Teelucksingh, Cheryl, Ed.: Claiming Space: Racialization in Canadian Cities.
Claiming Space: Racialization in Canadian Cities.
Waterloo, Ont.: Wilfrid Laurier University Press, 2006.
Despite what its title suggests, this book is not a systematic examination of the competition between racial and ethnic minorities for their own spaces within Canadian cities. Rather it is a collection of ten essays (including the editor's introduction) loosely grouped around the theme of racialization, mainly in four Canadian cities. In her introduction, Cheryl Teelucksingh provides a theoretical overview, while commenting particularly on Toronto. She leads the reader through Robert Miles' original (1989) emphasis on racialization (1), stressing the need to acknowledge the racialization of certain whites, which in her view should not diminish the significance of racialization and the more specific problem of racism experienced by "people of colour." She adds that racialization usually includes a class discourse; moreover in contemporary Canadian society racialization is hidden in the uncritical acceptance of multiculturalism. She then describes what she calls racialized space in Canadian cities, and how various groups claim this space.
The essays by Kelly Amanda Train, "Carving Out a Space of One's Own: The Sephardic Kehila Centre and the Toronto Jewish Community," and Anastasia N. Panagakos, "Mapping Greektown: Identity and the making of 'place' in suburban Calgary," come closest to describing the search of particular ethnic groups for their own space within the city; interestingly, both of these groups are relatively small in these cities, so the quest for focal points can be problematic. Other essays assume the form of personal reflections on identification in the face of discrimination, such as Awad Ibrahim's essay, "There is No Alibi for Being (Black)?" On a rather more general level, ethnic/racial identity and discrimination are addressed in two papers on Vancouver: In his essay, Domenic Beneventi focuses on Chinese-Canadians, while similarly in his essay, "The New Yellow Peril," Glenn Deer focuses on Chinese and Japanese (but not South Asians, a growing population in this area). And multiple discrimination relating to a particular subculture is illustrated by Rinaldo Walcott in "Black Men in Frocks: Sexing race in a gay ghetto (Toronto)." Cathy van Ingen describes the contentious issue of establishing a large casino on a First Nation at the western edge of Edmonton.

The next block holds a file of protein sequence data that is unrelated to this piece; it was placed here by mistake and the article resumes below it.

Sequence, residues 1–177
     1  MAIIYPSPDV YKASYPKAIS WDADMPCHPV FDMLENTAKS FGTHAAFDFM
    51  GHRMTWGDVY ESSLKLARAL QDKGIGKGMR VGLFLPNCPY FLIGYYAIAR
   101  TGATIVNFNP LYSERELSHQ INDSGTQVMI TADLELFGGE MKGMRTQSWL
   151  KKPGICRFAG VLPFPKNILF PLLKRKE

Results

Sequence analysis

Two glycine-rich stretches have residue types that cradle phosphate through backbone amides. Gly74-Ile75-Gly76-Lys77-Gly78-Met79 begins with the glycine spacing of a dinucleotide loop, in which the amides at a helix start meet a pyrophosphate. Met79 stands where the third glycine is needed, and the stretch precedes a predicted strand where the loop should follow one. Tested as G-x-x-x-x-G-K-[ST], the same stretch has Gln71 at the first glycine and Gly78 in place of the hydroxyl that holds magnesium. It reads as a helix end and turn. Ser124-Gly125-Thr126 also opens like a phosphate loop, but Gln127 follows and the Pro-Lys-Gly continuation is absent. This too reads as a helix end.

Consistent with Miles' original conception of racialization being inclusive of whites, it should be noted that there are chapters on Sephardic Jews (who may range over quite a diverse racial spectrum, and have tended to stress--or be obliged to stress--their uniqueness from the Ashkenazic Jewish majority) and Greeks in Calgary, both of which recount some forms of discrimination directed against Caucasian groups.
On the whole this is an informative and readable book. Although the authors occasionally attempt to refer to theoretical themes discussed in the introduction, this is a remarkably diverse--and somewhat disconnected--collection of essays reflecting the interdisciplinary academic affiliations of the writers: a couple each (including the editor) are in sociology, in communications, in education, and in literary studies, one is in physical education, and one occupies a Canada Research Chair in social justice and cultural studies; yet all ten seem to have wide-ranging interests in both the social sciences and humanities. The inevitable result is a mix of writing styles, ranging from the dense theoretical analysis of Jenny Burman in "Co-Motion in the Diasporic City: Transformations in Toronto's public culture," to more casual style of some of the other writers. Most of these contributors seem to be relatively young academics: at least three (including the editor) are assistant professors, one is a doctoral candidate and another three have recently finished their doctorates.
Clearly this book fills a niche in the literature on ethnicity in Canada, and more specifically on the processes and characteristics of racialization. What it appears to reflect is the repackaging of erstwhile emphasis in Canadian sociology on the institutional completeness of ethnic communities into a new emphasis on racialization. Yet the book is less of a probing, systematic academic analysis than a loose collection of interesting and divergent essays, which most likely was the editor's original intention.
Alan B. Anderson
Professor Emeritus, University of Saskatchewan
(1) Miles defined racialization as a "dialectical process by which meaning is attributed to particular biological features of human beings, as a result of which individuals may be assigned to a general category of persons which reproduces itself biologically." Miles, Robert. Racism. London: Routledge, 1989, p. 76.
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|Author:||Anderson, Alan B.|
|Publication:||Canadian Journal of Urban Research|
|Article Type:||Book review|
|Date:||Dec 22, 2007|
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